If you are a web developer, you may be hearing that some of your pages do not work the same way in IE8 as they did in IE7.

This coming Wednesday (US Pacific time), MS is hosting a webcast on this topic: MSDN Webcast: BenkoTIPS Live and On Demand: Internet Explorer 8 for Developers with Robert Boedigheimer. Note that most of these webcasts later become available as podcasts or on-demand webcasts, so if you can't attend now, you could try this link later.

Microsoft has numerous other resources to help you adapt, and to understand Compatibilty Mode and the new <meta> tags to specify the preferred mode to IE8. These are some pages I have found interesting:
  • A blog post by Tony Ross catalogs script and DOM changes in IE8 that might break sites designed for IE7 (it's not just about CSS): IEBlog : Site Compatibility and IE8. He indicates first the changes that have NO workaround because they are deliberate design changes. The second set of differences can be worked around if either the end user or the developer specifies Compatibility Mode. One key takeaway for developers is that some traditional methods for identifying and specially handling IE in your scripts may no longer work -- you may have to rethink those.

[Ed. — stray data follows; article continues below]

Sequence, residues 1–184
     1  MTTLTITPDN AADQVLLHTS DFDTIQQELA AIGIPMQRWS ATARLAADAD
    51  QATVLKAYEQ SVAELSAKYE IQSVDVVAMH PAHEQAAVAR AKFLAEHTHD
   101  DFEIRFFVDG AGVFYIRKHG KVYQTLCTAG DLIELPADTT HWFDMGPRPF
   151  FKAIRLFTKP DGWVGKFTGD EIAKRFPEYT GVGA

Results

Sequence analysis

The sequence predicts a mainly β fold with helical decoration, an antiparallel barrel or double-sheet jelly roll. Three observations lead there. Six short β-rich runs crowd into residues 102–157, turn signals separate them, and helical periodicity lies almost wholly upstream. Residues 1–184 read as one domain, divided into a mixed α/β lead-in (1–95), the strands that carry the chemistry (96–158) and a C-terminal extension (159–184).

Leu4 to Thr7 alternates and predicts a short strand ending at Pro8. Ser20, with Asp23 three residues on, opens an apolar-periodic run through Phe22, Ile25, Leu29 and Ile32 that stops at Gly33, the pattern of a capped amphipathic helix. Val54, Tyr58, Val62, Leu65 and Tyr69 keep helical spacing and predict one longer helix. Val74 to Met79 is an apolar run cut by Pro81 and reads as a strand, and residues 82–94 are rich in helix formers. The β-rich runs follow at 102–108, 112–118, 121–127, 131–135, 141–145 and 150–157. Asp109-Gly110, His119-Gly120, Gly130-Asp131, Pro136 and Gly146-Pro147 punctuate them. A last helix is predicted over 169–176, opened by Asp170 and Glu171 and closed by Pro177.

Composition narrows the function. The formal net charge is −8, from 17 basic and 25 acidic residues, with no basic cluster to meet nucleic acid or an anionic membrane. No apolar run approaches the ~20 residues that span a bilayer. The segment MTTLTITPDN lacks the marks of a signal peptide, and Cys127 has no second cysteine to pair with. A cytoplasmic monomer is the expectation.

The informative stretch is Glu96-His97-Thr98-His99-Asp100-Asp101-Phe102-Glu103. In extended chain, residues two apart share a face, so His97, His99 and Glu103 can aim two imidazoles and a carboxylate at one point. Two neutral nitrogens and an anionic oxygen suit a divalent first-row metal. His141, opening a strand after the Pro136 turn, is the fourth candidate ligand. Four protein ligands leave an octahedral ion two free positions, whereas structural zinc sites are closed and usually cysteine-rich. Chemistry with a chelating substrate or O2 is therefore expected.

• One concern of "standardistas" is that Microsoft might put your page into Compatibility Mode based on data it collects about user experience with the page. This occurs when your page is added to the Compatibility View List that many IE8 users may turn on to smooth out compatibility glitches.
  • Developers who want control over how IE8 displays their pages cannot rely on the DOCTYPE alone. They also need to take heed of the new headers and meta tags available to them. This MSDN article lays it out in great detail (no pun intended): Defining Document Compatibility.